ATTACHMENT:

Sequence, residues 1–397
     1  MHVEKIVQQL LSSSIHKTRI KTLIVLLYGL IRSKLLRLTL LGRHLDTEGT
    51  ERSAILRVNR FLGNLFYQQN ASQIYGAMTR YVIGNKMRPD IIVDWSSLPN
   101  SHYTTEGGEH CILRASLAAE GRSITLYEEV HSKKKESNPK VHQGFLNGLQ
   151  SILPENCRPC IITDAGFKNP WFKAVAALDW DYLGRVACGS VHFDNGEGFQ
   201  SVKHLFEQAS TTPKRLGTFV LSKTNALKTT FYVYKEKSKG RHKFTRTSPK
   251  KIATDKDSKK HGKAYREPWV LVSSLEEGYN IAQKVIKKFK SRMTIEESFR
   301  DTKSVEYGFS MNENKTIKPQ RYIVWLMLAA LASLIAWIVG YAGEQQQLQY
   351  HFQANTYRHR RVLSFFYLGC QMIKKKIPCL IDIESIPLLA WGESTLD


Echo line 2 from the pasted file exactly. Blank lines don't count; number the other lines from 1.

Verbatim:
     1  MHVEKIVQQL LSSSIHKTRI KTLIVLLYGL IRSKLLRLTL LGRHLDTEGT